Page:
CEM basics

The production of high-resistance surface on lead glasses led to the independent development of the continuous channel electron multiplier in Soviet Union by Oschepkov [3] and in USA by Goodrich [2]. The mode-of-operation of CEM is shown in Figure 1.

Figure 1.

Schematics of the CEM


The multiplier is operating under vacuum with a high voltage established along the channel. An energetic photon (> 5eV) or charged particle striking the wall of the channel releases an electron that is accelerated along the channel axis, until it strikes the wall with sufficient energy to release again secondary electrons. This process is repeated many times, and, finally, produces an output pulse of charge containing up to 108 electrons.

The number of electrons (or the detector gain) producing by a CEM increases with increasing of the high voltage applied to the channel, but saturates and does not grow anymore from some voltage level. This is because the electron cloud charge stops new secondary electrons acceleration and, as the result, stops electrons multiplication. The ion produced by electron impact ionization of the residual gas can cause a strong noise generation. The new ion is accelerated back to the CEM entrance, create a new secondary electron there and triggers new avalanche of electron multiplication. This “ion feedback” can be prevented by curving the channel (see subsection 1.2).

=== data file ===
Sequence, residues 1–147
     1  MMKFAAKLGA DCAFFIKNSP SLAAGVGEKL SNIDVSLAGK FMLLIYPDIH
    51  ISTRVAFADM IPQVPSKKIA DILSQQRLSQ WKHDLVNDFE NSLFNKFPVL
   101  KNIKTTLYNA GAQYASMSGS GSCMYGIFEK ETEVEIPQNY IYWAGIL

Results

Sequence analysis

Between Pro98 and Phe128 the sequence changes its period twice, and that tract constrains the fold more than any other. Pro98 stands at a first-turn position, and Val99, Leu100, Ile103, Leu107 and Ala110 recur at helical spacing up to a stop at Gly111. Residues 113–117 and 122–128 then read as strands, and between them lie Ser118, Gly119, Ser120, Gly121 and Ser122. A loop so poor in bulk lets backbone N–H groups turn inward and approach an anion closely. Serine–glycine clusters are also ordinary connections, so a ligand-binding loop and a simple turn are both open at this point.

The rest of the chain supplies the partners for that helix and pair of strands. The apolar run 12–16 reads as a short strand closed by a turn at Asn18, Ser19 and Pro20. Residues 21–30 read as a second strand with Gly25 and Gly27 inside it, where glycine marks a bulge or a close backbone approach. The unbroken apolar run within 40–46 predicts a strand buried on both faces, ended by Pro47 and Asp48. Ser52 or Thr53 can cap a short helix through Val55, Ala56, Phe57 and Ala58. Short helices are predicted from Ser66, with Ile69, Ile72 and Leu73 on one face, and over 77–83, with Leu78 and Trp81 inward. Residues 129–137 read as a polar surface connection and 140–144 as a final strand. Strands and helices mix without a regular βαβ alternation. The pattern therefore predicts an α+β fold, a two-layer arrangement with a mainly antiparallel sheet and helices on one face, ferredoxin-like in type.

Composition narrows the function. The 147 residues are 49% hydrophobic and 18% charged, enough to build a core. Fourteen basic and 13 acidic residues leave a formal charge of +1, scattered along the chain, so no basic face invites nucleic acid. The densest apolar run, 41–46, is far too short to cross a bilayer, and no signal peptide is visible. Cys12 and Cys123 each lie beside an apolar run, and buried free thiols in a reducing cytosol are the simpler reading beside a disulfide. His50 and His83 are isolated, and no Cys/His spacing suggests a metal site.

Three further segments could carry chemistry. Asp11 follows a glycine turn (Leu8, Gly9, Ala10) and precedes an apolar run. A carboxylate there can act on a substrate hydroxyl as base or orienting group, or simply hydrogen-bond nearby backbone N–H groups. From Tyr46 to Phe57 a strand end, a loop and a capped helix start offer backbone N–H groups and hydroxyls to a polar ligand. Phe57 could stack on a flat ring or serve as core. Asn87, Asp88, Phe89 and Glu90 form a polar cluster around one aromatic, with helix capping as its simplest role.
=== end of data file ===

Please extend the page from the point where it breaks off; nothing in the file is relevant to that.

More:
CEMs for Solar Orbiter plasma packages

The ESA mission Solar Orbiter contains a Solar Wind Analyzer (SWA) package as an important part of the in situ measurements of the solar wind plasma flow. One of the instruments of SWA plasma package is the ion spectrometer PAS which has to provide up to 20 3D ion distribution functions per second. From the measurement point of view, to get 3D ion distribution function, we have to record the ion flux spectrum in the <energy, elevation, azimuth> space. The electrostatic ion optics provides the energy and elevation binning, and the ion detector provides the resolution in the azimuthal dimension. The ion detector will resolve 11 bins of 6° each. The main problem is that each bin of such detector shall record up to 107 events per second to fulfill the required dynamic range of the instrument which has to operate at the Earth orbit as well as at 0.28au distance to Sun. We found that only ceramic CEMs produced by “Dr. Sjuts Optotechnik GmbH” [5] can fulfill such heavy requirements. Figure 2 shows the PAS ceramic detector schematics and the CEMs installed in the PAS prototype. There are eleven CEMs inside PAS covering 66° of the azimuthal range and providing 6° of azimuthal resolution.

Figure 2.

Left: Ceramic CEM design. Right: CEM array installed in PAS prototype.


Such ceramic CEMs can be easily adapted to fit any configuration, integrated to an array and/or modified to get another entrance geometry.


Requirements for CEM Lifetime